Ah-yes, the consequences of exceeding the designed operating parameters. Consider that if you lower the rear mount, it will raise the front of the engine as the front mounts will be the pivot point, thus putting stress on the coolant hoses, which may create other problems which will have to be addressed. The shift cables may also be stressed/stretched somewhat. The operating angles of the driveshaft joints do need to be within 1/2 degree of each other to ensure harmonic balance. If the pinion seal is showing weeping, that is an indication that the input bearing of the diff has possibly a bit too much play allowing the shaft to vibrate a bit and may need to be retorqued or bearing renewal, depending on how it is set up. U joints can only be so far out of a straight plane when they will hit "lock-up" at which point the machined surface will start to flatten the seal beyond the amount of flex designed for. You might do some searching at a driveline shop to see if there is possibly some different U joints with a deeper "U" and designed for a sharper operating angle that you could use and make up a whole driveline. Consider Cardan type double joints as used in the big Lincoln (1970s) drivelines to ensure smooth operation or the older (1940/50s)Chrysler Corp ball &roller type joints. Could you possibly get by with a bit less lift or is it required for some reason.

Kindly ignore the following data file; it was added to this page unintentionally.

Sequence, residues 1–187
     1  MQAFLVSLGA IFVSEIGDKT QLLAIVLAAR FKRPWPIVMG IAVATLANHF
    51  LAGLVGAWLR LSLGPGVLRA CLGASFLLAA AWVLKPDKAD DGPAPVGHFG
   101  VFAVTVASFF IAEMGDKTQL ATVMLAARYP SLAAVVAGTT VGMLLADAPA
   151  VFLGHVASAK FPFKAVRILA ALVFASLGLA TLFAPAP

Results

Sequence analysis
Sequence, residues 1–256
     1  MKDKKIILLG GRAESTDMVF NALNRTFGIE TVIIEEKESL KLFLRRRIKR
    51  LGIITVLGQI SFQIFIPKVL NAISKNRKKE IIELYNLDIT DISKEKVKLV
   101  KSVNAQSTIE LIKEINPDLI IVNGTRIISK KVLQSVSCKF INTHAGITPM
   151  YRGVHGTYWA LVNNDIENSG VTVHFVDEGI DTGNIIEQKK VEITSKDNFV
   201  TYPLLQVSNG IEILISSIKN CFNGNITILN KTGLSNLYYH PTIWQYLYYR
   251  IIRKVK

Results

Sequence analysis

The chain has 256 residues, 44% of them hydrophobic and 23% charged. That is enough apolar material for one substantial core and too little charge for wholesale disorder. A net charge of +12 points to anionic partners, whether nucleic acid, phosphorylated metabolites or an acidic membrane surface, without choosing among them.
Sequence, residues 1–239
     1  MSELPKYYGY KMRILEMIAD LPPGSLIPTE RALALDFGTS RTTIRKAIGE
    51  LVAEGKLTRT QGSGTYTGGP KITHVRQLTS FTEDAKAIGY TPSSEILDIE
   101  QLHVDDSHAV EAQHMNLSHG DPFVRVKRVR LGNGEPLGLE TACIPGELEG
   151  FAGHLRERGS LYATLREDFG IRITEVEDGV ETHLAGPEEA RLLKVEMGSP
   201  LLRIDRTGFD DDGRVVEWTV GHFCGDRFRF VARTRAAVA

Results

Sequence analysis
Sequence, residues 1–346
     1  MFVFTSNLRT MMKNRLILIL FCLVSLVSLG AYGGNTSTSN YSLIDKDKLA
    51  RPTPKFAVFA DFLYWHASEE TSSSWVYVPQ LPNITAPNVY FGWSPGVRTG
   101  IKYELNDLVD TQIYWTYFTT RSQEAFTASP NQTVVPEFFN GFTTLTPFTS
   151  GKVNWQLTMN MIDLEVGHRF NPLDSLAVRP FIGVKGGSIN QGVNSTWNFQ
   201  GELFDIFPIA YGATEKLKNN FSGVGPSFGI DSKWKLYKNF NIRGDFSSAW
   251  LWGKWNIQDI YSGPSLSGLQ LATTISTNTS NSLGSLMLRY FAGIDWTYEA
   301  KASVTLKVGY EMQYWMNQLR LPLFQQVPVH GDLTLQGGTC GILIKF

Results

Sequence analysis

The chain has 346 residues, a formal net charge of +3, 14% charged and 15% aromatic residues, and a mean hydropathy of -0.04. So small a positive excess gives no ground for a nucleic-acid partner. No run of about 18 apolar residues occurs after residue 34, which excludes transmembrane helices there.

Fred

    Just things to consider and food for thought.
     
    Last edited: Aug 21, 2022
  4. Bill Johnson

    Bill Johnson New Member

    Interesting post. I appreciate it though much of it is beyond my expertise.

    here is a question you might be able to help me with.

    My vehicle is a new 2021 Daihatsu hijet purchased from an importer in Michigan. Before shipping to me, they performed a lift and changed the tires to off road tires. I have since switched back to stock tires.